Two big numbers, and the connection few people see
Why Treasury’s April deficit figures are a big fat lie
“Panic buying” of gold in Europe, and the golden ATM in Arabia
The niche segment of the metals market that could be on the verge of a breakout
Two big numbers made news yesterday as we approached the market close. No one, to our knowledge, made a connection between the two. But to us, the connection is screamingly obvious. And frankly, your financial future hinges on that connection.
Here’s the first number: $82.7 billion. That’s the deficit the U.S. Treasury posted last month. That’s awful for April, which usually records a positive number, thanks to tax receipts flooding in around the 15th. Last year recorded a loss too. But that was only $21 billion. So this year, the bleeding is nearly four times as bad.
For the record, the government hasn’t posted a monthly surplus since that fateful pre-TARP month of September 2008.
That figure of $82.7 billion is merely the BS figure Treasury puts out there when it reports the deficit. The real tell is how much the national debt grew. And in April, that figure was twice the size of the “official” monthly deficit — $175.6 billion.
Don’t look now, but we’re just a couple of weeks away from the national debt breaking $13 trillion. If you must know, the exact number this morning is $12,931,157,737,293.42.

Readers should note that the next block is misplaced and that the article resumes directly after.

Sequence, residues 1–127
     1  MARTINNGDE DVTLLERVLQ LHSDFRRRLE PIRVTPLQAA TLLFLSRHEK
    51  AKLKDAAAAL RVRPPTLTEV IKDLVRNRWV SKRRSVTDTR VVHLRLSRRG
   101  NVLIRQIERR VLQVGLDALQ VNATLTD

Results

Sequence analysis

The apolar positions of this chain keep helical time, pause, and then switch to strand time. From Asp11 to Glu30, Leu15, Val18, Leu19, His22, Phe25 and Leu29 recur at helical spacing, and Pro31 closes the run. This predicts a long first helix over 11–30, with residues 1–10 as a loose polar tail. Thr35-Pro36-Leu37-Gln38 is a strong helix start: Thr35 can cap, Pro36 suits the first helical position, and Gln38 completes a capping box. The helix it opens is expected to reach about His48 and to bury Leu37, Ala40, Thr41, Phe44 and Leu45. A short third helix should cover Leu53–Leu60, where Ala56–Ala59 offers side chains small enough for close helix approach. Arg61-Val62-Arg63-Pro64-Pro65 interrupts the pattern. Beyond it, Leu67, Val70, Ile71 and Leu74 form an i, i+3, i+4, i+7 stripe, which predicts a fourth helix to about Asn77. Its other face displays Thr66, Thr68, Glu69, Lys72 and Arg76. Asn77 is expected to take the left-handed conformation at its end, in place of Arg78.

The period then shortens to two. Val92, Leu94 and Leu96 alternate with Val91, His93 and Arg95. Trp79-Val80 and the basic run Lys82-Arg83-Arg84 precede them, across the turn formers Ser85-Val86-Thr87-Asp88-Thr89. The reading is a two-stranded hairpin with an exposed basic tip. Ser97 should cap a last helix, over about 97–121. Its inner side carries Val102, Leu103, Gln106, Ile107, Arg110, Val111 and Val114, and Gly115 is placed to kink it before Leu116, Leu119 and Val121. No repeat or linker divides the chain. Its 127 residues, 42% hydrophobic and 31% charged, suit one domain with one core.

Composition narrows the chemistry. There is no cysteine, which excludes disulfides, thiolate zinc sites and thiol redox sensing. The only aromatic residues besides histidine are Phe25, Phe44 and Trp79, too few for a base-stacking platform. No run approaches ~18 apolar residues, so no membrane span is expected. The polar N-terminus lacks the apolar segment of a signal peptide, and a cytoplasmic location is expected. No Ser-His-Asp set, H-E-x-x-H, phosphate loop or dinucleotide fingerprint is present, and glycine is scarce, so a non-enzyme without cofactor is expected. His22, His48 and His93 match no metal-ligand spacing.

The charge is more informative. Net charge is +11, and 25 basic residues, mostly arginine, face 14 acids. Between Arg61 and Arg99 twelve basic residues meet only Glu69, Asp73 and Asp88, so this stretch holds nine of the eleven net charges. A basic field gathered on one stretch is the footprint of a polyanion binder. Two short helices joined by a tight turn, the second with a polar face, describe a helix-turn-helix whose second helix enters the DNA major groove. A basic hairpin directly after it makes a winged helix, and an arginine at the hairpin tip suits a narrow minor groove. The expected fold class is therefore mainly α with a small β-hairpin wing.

The Congressional Budget Office says we’re liable to rack up another $7.4 trillion between now and 2020. That’s bad enough… but it’s really cringe-worthy when you look at the CBO’s track record.
Our friends at Casey Research cobbled together these charts showing CBO’s estimates of both revenue and spending for the previous decade… along with charts of actual revenue and spending.
A significant problem: The CBO stumbled badly when estimating economic growth. Even after you account for the meltdown of 2008-09, they blew it.
We’re rapidly approaching a point of no return, says our friend Gene Steuerle of the Urban Institute. “Both liberals who want to maintain spending programs and conservatives seeking to keep taxes low seem to think — or, at least, want to think — that economic growth can once again solve our problems.”
No more. “In the past, fiscal imbalance was mainly a temporary, current issue only. Yes, congresses would occasionally spend much more than they collected in taxes, sometimes heedlessly. But as long as revenues over time rose with economic growth and most spending was discretionary, push never came to shove as long as the next congresses weren't too profligate…
“Now so much spending growth is built into law in permanent or mandatory programs that these programs essentially absorb all future revenues.”
You can read all of this and quickly slip into an impotent rage. And it’s true, there’s nothing you can do to change the minds of politicians and bureaucrats who are wedded to the idea that they’re omnipotent. But that doesn’t mean you’re helpless. You can still tend to your own house… and take protective measures. In fact, we believe you must. It’s our raison d’etre.
Which brings us to the other big number that made news yesterday…
Gold reached an all-time high in U.S. dollars of $1,249. The dollar has finally done what the euro, the pound and Swiss franc did already.
So maybe there hasn’t been a direct connection between the budget figures and the gold price. But it’s not hard to put 2 and 2 together at a moment like this.
“With paper currency and stock certificates on the decline,” explains our commodities specialist Alan Knuckman, “gold is a natural alternative. Trying not to sound like the barrage of commercials for coins on TV, it’s safe to say that hard assets hold value in uncertain times.”
And the last 20 days have been, if anything, uncertain.